Back matter is the information in the back, offered beyond the main text.
I originally started with as many recent nonfiction mentor texts that I could find. I found lots of biographies with fascinating back matter, but since my book wasn’t a biography, I wanted to closely study books that had similar characteristics to mine.
I had several criteria for the main text of the book:
1) Low word count
2) Lyrical language
3) Science related
4) Stellar quality nonfiction
Some books included a list of books or websites for further reading. A Rock Can Be and In the Canyon both contain a glossary. A few of the authors included an “author’s note” explaining their personal connection to the story. Flowers are Calling and Tree of Wonder include ways that students can take action.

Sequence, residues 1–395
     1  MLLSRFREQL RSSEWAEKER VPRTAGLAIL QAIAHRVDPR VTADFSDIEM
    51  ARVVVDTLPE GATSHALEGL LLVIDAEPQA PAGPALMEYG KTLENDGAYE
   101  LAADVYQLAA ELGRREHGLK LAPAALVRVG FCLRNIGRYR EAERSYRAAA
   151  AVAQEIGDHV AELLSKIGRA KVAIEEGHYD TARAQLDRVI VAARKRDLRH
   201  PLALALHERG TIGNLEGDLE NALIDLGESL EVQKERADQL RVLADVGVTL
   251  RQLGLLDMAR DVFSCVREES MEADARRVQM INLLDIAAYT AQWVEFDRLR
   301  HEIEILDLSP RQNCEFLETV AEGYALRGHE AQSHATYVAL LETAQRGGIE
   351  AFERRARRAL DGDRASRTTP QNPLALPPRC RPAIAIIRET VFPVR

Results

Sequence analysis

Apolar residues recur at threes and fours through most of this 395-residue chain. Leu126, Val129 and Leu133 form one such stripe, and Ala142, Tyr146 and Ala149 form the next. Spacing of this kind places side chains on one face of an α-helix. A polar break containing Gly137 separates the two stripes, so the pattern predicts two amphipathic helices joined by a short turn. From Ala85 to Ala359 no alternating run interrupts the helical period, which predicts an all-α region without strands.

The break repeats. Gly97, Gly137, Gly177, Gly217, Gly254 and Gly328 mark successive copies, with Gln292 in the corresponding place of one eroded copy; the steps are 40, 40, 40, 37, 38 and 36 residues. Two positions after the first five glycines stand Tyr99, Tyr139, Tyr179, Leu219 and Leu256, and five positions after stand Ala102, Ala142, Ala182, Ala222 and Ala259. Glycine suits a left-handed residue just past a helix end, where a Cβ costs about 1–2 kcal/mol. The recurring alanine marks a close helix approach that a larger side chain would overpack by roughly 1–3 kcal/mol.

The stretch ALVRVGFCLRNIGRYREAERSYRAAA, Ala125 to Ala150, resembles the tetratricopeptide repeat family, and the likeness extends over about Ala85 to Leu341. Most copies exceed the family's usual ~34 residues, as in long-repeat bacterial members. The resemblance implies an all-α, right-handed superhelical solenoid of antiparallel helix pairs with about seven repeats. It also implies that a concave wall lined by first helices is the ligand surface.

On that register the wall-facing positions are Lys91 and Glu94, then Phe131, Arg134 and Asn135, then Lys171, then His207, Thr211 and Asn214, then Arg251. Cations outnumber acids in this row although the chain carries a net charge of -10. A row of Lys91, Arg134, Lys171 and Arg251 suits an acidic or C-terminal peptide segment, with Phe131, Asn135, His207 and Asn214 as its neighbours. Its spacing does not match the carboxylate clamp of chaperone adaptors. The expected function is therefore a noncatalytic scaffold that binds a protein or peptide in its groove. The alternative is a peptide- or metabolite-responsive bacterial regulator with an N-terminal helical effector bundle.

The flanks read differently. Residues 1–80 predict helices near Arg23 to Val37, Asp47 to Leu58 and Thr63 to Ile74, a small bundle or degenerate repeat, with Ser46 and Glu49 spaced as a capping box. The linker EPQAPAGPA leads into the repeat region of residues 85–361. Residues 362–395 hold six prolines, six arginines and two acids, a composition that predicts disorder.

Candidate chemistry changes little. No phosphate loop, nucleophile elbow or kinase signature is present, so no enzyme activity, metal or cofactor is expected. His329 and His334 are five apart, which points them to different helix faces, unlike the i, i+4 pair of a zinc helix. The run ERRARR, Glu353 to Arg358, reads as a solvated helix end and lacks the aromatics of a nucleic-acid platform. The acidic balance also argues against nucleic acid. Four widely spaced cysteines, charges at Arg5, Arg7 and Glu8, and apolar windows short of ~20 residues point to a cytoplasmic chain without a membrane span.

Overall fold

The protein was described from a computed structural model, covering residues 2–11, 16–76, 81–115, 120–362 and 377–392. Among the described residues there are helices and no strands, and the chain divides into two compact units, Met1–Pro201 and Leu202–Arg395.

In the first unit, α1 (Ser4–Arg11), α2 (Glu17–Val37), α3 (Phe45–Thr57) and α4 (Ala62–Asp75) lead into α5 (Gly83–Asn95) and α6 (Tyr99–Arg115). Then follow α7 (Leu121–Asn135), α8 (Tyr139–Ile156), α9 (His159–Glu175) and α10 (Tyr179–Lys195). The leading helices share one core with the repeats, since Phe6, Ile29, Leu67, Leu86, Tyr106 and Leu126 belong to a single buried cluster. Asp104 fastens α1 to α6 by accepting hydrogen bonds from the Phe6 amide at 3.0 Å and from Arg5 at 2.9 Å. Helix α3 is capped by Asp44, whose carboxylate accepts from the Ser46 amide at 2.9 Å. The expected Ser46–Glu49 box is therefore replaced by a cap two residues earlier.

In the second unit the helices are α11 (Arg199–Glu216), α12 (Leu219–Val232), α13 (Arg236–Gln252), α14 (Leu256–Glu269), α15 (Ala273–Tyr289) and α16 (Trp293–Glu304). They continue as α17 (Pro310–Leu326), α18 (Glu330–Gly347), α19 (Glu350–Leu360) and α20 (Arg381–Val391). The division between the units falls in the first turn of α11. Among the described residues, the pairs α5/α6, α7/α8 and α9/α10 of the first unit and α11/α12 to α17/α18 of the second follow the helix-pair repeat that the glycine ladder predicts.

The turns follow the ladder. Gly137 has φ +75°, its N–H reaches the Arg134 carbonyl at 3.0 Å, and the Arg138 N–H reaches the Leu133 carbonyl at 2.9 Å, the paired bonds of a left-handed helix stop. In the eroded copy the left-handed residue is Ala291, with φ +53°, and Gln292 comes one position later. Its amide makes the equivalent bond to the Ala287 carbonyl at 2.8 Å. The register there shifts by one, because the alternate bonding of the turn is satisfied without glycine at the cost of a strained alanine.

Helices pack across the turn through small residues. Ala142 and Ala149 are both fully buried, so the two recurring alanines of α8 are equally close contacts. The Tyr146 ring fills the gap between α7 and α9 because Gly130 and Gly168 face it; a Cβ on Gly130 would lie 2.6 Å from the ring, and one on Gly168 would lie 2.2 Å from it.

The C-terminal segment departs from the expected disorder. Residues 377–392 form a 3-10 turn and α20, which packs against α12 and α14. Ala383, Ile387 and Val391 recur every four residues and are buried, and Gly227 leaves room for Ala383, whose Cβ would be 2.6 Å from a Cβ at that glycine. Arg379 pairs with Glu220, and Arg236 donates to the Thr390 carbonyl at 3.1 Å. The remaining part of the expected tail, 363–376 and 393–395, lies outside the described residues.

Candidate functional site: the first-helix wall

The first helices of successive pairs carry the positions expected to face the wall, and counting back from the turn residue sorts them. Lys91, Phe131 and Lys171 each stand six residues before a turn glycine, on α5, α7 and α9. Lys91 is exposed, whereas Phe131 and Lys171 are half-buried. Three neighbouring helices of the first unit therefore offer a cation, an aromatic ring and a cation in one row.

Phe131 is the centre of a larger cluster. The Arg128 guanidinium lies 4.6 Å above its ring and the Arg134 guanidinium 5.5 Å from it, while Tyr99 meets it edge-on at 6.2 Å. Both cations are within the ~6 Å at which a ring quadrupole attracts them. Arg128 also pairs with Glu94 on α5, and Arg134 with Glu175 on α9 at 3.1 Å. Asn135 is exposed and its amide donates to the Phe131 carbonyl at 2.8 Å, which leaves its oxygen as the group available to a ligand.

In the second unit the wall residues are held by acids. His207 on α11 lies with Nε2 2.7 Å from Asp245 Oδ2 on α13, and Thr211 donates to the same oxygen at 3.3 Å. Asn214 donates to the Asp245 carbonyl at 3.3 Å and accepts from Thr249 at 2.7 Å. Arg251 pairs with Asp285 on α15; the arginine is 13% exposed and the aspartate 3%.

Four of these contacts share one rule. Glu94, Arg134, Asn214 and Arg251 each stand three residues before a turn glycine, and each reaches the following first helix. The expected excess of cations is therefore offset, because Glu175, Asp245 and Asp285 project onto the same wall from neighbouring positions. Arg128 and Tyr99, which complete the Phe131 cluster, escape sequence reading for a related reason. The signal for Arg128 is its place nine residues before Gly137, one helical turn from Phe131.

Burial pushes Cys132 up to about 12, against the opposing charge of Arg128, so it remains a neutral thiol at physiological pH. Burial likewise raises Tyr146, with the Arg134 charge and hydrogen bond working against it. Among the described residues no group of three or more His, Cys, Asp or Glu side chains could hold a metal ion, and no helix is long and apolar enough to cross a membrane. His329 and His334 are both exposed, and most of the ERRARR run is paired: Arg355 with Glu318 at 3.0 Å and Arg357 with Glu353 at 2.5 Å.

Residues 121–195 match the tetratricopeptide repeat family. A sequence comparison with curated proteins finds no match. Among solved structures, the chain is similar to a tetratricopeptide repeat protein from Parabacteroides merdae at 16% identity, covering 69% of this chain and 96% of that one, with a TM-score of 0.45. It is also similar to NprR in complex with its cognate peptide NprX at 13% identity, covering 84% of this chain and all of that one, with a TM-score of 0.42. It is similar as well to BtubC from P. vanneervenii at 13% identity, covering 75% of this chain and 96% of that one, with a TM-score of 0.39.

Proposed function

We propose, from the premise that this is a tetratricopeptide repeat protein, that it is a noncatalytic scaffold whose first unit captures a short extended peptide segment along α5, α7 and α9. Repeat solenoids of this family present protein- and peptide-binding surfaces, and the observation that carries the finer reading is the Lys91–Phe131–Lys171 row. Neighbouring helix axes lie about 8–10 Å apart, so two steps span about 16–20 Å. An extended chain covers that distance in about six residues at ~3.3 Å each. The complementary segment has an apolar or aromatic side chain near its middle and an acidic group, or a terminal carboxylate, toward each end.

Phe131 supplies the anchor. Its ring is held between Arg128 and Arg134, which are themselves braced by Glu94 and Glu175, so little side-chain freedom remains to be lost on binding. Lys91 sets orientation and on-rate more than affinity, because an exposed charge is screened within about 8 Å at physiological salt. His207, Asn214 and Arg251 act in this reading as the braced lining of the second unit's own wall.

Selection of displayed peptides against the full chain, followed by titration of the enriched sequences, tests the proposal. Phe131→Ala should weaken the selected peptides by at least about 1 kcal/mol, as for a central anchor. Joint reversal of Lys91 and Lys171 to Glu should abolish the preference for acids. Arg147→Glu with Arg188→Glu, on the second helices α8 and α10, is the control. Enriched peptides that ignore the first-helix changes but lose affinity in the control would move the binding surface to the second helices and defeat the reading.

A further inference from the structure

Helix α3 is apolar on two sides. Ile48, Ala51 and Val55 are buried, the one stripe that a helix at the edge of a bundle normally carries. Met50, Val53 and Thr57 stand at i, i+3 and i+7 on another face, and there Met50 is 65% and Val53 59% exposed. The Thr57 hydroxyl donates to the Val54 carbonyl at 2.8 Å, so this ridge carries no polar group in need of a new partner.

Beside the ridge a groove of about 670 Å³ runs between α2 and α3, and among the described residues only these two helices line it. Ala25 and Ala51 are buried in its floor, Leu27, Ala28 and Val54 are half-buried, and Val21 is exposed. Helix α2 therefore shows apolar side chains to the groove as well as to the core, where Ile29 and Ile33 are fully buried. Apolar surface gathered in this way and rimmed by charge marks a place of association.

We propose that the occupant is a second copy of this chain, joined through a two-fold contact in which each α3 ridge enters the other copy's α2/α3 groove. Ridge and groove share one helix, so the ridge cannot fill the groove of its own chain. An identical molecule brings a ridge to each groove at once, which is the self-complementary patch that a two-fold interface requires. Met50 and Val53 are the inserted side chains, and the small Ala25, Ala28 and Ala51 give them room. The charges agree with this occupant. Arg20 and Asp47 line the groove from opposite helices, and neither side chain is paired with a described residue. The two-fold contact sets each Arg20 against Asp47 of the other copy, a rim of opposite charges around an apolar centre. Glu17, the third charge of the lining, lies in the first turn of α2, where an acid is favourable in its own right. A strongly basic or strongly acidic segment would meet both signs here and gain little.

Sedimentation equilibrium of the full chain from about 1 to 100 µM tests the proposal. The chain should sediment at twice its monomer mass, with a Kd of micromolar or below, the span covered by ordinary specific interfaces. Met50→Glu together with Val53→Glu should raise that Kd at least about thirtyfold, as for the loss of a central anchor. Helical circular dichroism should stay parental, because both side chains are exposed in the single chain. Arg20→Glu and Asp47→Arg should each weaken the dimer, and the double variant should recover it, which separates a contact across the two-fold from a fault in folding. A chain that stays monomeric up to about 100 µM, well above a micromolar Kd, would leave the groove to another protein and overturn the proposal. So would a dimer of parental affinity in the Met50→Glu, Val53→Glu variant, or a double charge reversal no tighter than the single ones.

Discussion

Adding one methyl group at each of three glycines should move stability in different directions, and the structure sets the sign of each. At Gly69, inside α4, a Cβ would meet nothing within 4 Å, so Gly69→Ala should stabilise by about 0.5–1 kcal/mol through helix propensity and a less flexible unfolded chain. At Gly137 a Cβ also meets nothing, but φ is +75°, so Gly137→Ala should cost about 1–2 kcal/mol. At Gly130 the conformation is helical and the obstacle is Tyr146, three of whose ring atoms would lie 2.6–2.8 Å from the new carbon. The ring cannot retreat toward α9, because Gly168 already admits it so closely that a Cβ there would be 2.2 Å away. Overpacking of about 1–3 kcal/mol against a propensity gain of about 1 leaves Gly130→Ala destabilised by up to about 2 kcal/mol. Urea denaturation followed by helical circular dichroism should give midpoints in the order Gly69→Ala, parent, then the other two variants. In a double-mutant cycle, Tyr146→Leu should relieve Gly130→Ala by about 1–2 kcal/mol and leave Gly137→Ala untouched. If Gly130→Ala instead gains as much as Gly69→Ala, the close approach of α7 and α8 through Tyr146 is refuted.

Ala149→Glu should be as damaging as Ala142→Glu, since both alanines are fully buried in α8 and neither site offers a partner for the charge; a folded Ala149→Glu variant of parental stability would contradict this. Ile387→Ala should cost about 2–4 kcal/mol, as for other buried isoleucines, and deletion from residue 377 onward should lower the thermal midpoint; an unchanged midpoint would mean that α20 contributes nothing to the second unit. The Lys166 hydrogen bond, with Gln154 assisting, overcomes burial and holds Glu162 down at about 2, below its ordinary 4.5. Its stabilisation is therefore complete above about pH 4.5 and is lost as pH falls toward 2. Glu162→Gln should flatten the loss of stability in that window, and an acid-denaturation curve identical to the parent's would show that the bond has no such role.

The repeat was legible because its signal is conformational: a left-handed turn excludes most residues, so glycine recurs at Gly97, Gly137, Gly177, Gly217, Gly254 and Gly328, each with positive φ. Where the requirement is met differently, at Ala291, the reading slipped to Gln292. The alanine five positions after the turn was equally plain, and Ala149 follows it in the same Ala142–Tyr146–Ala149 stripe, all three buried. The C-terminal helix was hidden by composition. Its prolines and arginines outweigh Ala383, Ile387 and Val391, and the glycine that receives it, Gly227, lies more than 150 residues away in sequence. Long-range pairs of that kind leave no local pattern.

In some older nonfiction books, lengthy back matter offered interesting facts aimed at the teacher. The books on this list had back matter ranging from 1 to 7 pages. Every single one of them was designed to be kid-friendly, appealing, and interesting to read.
How have you tackled back matter?
Marcie Flinchum Atkins is an elementary librarian by day and writes for children in the wee hours of the morning. Her books include Ancient China (ABDO, 2015), Mentor Text Tips, and Mentor Texts for Writers. She also holds an MA and MFA in children's literature from Hollins University. She blogs about mentor texts at www.marcieatkins.com.